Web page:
God Is Not Good All the Time, By Femi Aribisala
Nobody spoils a man’s life like Jesus. Jesus is a killer of all worldly joy. God’s attitude to the world is often lost on many. God hates the world system. The world hated Jesus and killed him. Therefore, anyone who is a lover of pleasure; anyone who likes this world becomes an enemy of God.
Accordingly, James asks: “You adulterers! Don’t you realise that friendship with the world makes you an enemy of God? I say it again: If you want to be a friend of the world, you make yourself an enemy of God.” (James 4:4). Paul is of the same opinion: “She who lives in pleasure is dead while she lives.” (1 Timothy 5:6). Thus, Jesus assured his disciples: “In the world you will have tribulation.” (John 16:33).
God is so implacably opposed to the world; he has doomed it to destruction. Isaiah says: “I have heard from the Lord God of hosts, a destruction determined even upon the whole earth.” (Isaiah 28:22). In the meantime, God plans “to bring into contempt all the honourable of the earth.” (Isaiah 23:9).
God allows wickedness to prevail on earth, the better to commend to us the superiority of the kingdom of heaven. Job notes that: “The whole earth is in the hands of the wicked” (Job 9:24). This is because God allows it to be so. Thus, God allows the worst kinds of people to be heads of states and governments: “The High God rules human kingdoms. He arranges kingdom affairs however he wishes, and makes leaders out of losers.” (Daniel 4:17).
Thanks to Jesus, we are brought to the realisation that what we deemed to be life is actually death. Under the tutelage of the Holy Spirit, believers are made foreigners and strangers here on decrepit earth; having become citizens of a spiritual heavenly kingdom.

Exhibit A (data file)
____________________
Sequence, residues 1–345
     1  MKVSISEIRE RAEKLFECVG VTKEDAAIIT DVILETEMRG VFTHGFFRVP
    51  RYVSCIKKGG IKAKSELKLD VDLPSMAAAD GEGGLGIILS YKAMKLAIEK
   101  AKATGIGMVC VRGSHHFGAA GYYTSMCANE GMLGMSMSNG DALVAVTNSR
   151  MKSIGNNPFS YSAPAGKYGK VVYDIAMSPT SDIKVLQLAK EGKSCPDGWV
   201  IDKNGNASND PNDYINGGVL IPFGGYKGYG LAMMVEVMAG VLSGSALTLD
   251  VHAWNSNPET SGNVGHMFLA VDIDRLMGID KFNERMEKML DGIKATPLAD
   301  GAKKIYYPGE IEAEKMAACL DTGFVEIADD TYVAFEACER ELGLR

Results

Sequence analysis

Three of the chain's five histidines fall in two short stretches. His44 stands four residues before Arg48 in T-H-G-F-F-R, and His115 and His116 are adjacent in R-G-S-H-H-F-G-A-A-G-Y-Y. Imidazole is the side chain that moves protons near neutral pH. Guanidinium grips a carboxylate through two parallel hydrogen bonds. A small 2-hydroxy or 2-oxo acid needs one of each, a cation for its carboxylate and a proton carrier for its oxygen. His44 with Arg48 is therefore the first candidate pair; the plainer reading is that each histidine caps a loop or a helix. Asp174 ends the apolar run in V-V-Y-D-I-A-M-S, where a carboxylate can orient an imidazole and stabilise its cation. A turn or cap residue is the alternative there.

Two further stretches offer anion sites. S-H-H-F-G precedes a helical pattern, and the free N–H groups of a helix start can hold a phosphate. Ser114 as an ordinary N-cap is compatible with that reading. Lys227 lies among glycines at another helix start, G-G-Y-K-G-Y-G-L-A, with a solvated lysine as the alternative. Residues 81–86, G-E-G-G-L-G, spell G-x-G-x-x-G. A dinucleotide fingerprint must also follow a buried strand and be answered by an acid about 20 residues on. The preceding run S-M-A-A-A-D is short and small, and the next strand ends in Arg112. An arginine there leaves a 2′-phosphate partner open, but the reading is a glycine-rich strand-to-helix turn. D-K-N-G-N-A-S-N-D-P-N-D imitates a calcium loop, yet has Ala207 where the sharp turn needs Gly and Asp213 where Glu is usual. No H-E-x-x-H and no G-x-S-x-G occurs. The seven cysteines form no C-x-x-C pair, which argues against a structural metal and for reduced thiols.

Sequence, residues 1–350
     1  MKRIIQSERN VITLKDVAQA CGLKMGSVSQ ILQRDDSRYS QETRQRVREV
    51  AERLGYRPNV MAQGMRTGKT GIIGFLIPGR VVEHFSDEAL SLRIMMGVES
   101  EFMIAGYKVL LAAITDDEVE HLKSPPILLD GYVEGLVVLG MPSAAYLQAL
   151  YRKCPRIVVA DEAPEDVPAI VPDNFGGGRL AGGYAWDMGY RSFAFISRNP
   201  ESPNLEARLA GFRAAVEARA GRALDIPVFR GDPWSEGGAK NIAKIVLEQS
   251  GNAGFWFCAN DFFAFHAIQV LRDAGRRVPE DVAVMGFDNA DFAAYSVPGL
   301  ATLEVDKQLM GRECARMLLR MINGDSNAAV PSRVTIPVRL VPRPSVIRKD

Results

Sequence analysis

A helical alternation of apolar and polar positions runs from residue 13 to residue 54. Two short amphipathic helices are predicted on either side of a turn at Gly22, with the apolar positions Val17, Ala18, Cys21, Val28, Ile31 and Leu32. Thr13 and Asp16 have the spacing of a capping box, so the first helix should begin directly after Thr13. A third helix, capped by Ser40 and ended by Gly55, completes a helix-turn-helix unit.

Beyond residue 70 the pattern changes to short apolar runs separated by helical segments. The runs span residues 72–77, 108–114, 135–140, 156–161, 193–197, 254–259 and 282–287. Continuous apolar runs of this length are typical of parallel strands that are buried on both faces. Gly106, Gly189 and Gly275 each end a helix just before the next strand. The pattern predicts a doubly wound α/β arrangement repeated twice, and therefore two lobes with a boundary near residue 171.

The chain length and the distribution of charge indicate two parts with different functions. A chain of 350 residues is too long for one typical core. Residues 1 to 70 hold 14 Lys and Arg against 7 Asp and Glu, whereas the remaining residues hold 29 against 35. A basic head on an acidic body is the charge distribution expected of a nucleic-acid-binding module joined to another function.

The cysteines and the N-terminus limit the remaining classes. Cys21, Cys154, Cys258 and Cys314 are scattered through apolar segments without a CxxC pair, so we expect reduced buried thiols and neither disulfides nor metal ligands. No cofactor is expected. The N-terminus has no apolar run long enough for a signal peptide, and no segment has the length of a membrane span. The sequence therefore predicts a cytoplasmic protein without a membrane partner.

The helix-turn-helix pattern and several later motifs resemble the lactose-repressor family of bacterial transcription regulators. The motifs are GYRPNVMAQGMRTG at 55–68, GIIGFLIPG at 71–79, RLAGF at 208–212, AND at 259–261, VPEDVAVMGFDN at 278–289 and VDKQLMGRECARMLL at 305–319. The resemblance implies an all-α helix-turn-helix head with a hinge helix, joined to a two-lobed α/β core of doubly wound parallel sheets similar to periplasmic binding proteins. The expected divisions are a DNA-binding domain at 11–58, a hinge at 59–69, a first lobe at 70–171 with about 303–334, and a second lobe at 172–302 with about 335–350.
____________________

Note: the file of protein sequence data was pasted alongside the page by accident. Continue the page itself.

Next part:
Out of this new reality is then fashioned a completely different psychology. The atonement kills everything before it makes alive. This is what God says about his own peculiar process: “I, even I, am he, and there is no God besides me; I kill and I make alive; I wound and I heal; nor is there any who can deliver from my hand.” (Deuteronomy 32:39).
Christ makes every pain irrelevant and he diminishes every joy outside of himself. Therefore, be contemptuous of every advantage. Overlook every disadvantage. Jesus is a leveller. The kingdom of God cancels deficits and erases credits. Before the glory of God is revealed: “Every valley shall be exalted and every mountain and hill brought low.” (Isaiah 40:4).
God is at pains to make us see that what we call wonderful is “wonder-less.” He tells us the man who is blessed is not he who won the lottery, but he who receives forgiveness of sin: “Blessed is he whose transgressions are forgiven, whose sins are covered. Blessed is the man whose sin the Lord does not count against him.” (Psalm 32:1-2).
Jesus maintains the joy to be cherished is the joy of salvation: “Look, I have given you authority over all the power of the enemy, and you can walk among snakes and scorpions and crush them. Nothing will injure you. But don’t rejoice because evil spirits obey you; rejoice because your names are registered in heaven.” (Luke 10:19-20).
Man of Sorrows
God prefers to make people cry than to make them laugh. Jesus was a man of sorrows; acquainted with grief. (Isaiah 53:3). The bible says of him: “It was the Lord’s good plan to crush him and cause him grief.” (Isaiah 53:10).